What’s your story?
It can be difficult for a fiction writer to answer that. We have lots of stories from our tales of how we develop as authors (with hopefully increasing numbers of publishing credits) to each of the actual works we invent and rigorously edit before they see the light of day.
How to annoy a writer
If you want to annoy a writer, tell them you would write a book too if only you had the time. It will raise blood pressure!
Another good way to annoy them is, when they tell you they’ve written a book, say something like “Oh I never thought you could do that” as (a) it’s patronising and (b) ensures instant self-doubt in the less confident author. They will not thank you for it.
Alternatively try and claim nobody reads books any more. It’s not true though any writer would always welcome people reading more.
But on a more positive note…
How to cheer a writer up
By sharing thoughts and tips from other writers which hopefully will be useful. So on that note: –
Gill James and I share thoughts and tips on the joys of inventing stories. We hope you find them helpful. Gill also shares glimpses into her life as an author.
Gill is a prolific author as well as a publisher (Bridge House Publishing). There’s nothing to beat writing novels yourself in gaining a real understanding it is not as easy as it may look (or as some foolishly claim – this is another excellent way to wind up any writer).
I can’t think of any writer whose work was published immediately. There must be several edits to get the piece right (this includes this blog incidentally). One example of a book from Gill that went through many rewrites is shown below.
Allison: You are sympathetic to writers, Gill, given you have written many novels and know a lot about the difficulties authors face. What have been the best stand-out moments for you as a writer?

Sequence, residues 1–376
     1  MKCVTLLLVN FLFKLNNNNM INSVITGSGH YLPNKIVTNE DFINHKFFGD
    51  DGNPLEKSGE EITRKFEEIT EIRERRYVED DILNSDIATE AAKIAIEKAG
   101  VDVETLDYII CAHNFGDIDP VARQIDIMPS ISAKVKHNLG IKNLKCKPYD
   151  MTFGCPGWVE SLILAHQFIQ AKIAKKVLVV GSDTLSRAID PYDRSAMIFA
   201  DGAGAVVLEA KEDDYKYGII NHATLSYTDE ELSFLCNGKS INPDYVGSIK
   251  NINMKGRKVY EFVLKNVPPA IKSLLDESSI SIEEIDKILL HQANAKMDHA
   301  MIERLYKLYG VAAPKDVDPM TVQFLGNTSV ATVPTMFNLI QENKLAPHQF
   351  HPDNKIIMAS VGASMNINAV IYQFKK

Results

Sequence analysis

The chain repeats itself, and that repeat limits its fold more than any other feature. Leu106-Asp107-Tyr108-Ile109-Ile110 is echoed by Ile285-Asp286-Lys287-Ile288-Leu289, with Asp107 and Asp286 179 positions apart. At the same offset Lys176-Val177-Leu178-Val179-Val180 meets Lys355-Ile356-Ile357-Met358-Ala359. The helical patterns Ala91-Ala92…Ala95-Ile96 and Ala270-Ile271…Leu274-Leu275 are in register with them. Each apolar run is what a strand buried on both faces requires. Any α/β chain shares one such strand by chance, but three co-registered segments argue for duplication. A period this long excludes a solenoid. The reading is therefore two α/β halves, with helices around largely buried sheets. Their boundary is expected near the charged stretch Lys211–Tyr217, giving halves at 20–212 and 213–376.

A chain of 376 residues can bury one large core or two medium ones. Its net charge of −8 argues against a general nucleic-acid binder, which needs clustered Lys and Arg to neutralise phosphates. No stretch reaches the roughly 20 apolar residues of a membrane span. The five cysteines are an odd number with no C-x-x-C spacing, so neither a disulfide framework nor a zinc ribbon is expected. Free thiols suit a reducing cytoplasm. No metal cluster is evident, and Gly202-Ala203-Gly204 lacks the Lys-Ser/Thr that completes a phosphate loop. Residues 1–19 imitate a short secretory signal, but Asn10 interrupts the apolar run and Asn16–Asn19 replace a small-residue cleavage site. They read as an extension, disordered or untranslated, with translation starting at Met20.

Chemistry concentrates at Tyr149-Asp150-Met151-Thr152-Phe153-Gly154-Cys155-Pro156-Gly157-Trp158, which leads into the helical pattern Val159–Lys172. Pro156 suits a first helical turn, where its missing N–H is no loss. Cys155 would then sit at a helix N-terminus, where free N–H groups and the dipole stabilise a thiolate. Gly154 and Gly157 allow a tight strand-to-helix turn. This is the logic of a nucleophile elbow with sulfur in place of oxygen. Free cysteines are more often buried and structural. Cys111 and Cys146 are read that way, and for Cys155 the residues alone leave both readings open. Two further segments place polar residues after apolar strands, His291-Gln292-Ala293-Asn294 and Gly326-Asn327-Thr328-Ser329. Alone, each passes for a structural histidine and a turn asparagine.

Gill: Three of my best stand-out moment have been:-
- When my first novel Nick’s Gallery was published in 2004. Sadly, it’s out of print. But I edited it, updated it and self-published it as A Gallery For Nick (eBook).
- When my novel Babel, the second part of the Peace Child trilogy, was used as part of a conference at the University of Salford on coping with an aging population. In this book there is a struggle against compulsory euthanasia for an aging population. One character also suffers from Alzheimer’s.
- Reading from my current work in progress during an evening with Jackie Kay at the University of Salford, where I’m a senior lecturer in English and Creative writing and where she is Chancellor.
Allison: Which of your books is your favourite and why? What are you currently working on?
Gill: My favourite is always the latest one. The latest published one is The House on Schellberg Street, a story set in England and Germany during World War II. This is the first book in the Schellberg Cycle.
I’m rather fond of the second Clara’s Story which is awaiting publication and I’m in the very early days of the third one: Girl in a Smart Uniform.
Allison: What would you say were the most important do’s and don’ts for a writer to follow?
My answers here are:-
1. DO read (and across genres, including non-fiction).
2. DO print work out and edit on paper and not screen.
3. DO put work aside for while and then re-look at it with fresh eyes.